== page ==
The Town Crier

Ambrose Bierce

San Francisco News Letter/September 11, 1859

 “Hear the Crier!” “What the devil art thou?”

“One that will play the devil, sir, with you.”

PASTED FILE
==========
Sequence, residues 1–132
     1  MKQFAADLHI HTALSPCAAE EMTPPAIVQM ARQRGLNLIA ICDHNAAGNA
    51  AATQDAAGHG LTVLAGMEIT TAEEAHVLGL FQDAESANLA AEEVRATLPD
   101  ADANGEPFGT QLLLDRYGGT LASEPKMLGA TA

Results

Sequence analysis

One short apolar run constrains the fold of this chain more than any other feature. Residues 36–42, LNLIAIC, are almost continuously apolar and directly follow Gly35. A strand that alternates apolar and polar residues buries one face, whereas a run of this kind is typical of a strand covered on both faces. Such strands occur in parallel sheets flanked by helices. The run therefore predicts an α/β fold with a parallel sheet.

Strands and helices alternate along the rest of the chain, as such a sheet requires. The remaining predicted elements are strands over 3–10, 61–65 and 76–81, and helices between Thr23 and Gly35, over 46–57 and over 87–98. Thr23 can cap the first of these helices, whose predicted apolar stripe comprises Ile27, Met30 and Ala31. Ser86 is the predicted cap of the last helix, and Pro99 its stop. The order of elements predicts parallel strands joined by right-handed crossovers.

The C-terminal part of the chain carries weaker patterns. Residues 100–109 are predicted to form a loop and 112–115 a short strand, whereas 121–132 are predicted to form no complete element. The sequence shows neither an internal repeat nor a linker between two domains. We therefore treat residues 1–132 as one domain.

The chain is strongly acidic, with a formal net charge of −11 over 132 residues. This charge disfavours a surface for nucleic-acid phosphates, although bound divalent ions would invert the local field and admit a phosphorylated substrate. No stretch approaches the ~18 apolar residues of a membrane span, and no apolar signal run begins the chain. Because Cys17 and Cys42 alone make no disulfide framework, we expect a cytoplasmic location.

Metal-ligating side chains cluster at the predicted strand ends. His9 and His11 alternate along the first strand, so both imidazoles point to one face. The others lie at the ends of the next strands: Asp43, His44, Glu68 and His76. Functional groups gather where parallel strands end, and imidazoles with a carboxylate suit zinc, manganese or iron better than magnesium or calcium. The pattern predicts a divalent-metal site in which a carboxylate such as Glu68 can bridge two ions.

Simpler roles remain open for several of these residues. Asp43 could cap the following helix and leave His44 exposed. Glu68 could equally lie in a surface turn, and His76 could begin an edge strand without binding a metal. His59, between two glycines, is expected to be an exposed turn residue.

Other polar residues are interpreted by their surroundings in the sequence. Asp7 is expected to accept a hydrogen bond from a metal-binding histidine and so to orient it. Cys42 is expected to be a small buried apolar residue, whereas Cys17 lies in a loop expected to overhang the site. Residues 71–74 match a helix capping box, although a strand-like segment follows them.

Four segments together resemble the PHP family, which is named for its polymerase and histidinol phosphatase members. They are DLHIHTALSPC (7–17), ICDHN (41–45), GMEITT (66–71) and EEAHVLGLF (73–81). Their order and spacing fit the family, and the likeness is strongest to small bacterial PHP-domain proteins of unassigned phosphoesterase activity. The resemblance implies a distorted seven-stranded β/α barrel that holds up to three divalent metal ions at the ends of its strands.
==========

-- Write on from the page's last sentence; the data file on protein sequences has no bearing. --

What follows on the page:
The Town Crier family, male, female and young, attended church on last Sunday as a treat to the children. The male listened with decent gravity and much interest to the prayer of the eloquent divine in the pulpit, and was seized with a desire to imitate or even surpass it if possible. Returning home full of his subject he seized a quill, and lo! the subjoined: “O, Lord, who for the purposes of this supplication we will assume to have created the heavens and the earth before man created Thee; and who, let us say, art from everlasting to everlasting; we beseech Thee to turn Thy attention this way and behold a set of the most abandoned scalawags Thou has ever had the pleasure of setting eyes on. We frankly admit, O Lord, that we are but worms wriggling in the sand hills South of Market street and elsewhere. In addition to this we confess ourselves a sweet lot of smooth-tongued hypocrites, with a goodly sprinkling of healthy sneaks, and insist that our villainy is something phenomenal, and that we are capable of any inexpensive enormity. Not one of us has the hardihood to claim a single redeeming virtue. We were born so, and can’t help it; and wouldn’t if we could. But in consideration of the fact that Thou sentest Thy only begotten Son among us, and afforded us the felicity of murdering him, we would respectfully suggest the propriety of taking into heaven such of us as pay our church dues, and giving us an eternity of exalted laziness and absolutely inconceivable fun. We ask this in the name of Thy Son whom we strung up as above stated. Amen.” The Town Crier will dispose of the copyright of this prayer to the parson who will pay the most unreasonable price for it. If it is not sufficiently cheeky to please the meek and lowly Christian congregations of this city, it can be altered to suit, or may be used at Oakland.